On Lincoln And Practical Logic

Again, it is characteristic that while the modern English know nothing about Lee they do know something about Lincoln; and nearly all that they know is wrong. They know nothing of his Southern connections, nothing of his considerable Southern sympathy, nothing of the meaning of his moderation in face of the problem of slavery, now lightly treated as self-evident. Above all, they know nothing about the respect in which Lincoln was quite un-English, was indeed the very reverse of English; and can be understood better if we think of him as a Frenchman, since it seems so hard for some of us to believe that he was an American. I mean his lust for logic for its own sake, and the way he kept mathematical truths in his mind like the fixed stars. He was so far from being a merely practical man, impatient of academic abstractions, that he reviewed and revelled in academic abstractions, even while he could not apply them to practical life. He loved to repeat that slavery was intolerable while he tolerated it, and to prove that something ought to be done while it was impossible to do it. This was probably very bewildering to his brother-politicians; for politicians always whitewash what they do not destroy. But for all that this inconsistent consistency beat the politicians at their own game, and this abstracted logic proved the most practical of all. For when the chance did come to do something, there was no doubt about the thing to be done. The thunderbolt fell from the clear heights of heaven; it had not been tossed about and lost like a common missile in the market-place. The matter is worth mentioning, because it has a moral for a much larger modern question. A wise man’s attitude towards industrial capitalism will be very like Lincoln’s attitude towards slavery. That is, he will manage to endure capitalism; but he will not endure a defence of capitalism. He will recognise the value, not only of knowing what he is doing, but of knowing what he would like to do. He will recognise the importance of having a thing clearly labelled in his own mind as bad, long before the opportunity comes to abolish it. He may recognise the risk of even worse things in immediate abolition, as Lincoln did in abolitionism. He will not call all business men brutes, any more than Lincoln would call all planters demons; because he knows they are not. He will regard many alternatives to capitalism as crude and inhuman, as Lincoln regarded John Brown’s raid; because they are. But he will clear his mind from cant about capitalism; he will have no doubt of what is the truth about Trusts and Trade Combines and the concentration of capital; and it is the truth that they endure under one of the ironic silences of heaven, over the pageants and the passing triumphs of hell.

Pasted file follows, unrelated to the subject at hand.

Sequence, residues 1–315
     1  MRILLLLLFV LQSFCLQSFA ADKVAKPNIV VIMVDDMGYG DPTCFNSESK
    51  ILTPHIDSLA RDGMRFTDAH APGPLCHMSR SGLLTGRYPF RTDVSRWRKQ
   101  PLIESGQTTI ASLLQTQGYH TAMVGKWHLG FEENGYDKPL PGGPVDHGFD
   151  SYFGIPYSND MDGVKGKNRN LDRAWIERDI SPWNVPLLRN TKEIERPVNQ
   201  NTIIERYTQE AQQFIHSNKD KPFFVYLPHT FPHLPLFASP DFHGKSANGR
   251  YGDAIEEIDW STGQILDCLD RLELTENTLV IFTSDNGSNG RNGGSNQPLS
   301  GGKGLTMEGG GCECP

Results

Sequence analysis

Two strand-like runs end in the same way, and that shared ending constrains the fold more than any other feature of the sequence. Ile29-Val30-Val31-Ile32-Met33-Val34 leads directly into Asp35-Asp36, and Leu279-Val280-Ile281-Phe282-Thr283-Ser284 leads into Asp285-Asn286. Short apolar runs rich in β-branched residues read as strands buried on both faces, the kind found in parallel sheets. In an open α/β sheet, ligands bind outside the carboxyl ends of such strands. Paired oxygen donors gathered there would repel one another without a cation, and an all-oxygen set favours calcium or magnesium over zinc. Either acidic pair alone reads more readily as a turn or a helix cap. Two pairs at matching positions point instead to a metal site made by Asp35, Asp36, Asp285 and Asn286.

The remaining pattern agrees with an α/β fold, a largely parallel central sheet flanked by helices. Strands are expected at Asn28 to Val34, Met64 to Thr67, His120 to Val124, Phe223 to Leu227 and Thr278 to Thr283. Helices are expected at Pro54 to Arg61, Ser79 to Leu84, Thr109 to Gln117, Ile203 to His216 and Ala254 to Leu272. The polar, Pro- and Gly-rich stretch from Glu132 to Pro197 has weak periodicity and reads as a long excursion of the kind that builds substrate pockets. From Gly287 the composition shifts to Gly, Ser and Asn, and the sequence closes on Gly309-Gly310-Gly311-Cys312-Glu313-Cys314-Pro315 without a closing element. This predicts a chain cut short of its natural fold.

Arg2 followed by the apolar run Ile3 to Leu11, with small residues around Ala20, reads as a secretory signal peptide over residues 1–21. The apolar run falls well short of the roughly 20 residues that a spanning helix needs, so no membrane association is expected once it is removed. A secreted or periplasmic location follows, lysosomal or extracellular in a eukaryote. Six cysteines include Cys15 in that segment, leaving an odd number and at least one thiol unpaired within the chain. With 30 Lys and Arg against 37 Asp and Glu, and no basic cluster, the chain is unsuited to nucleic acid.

— G. K. Chesterton, What I Saw in America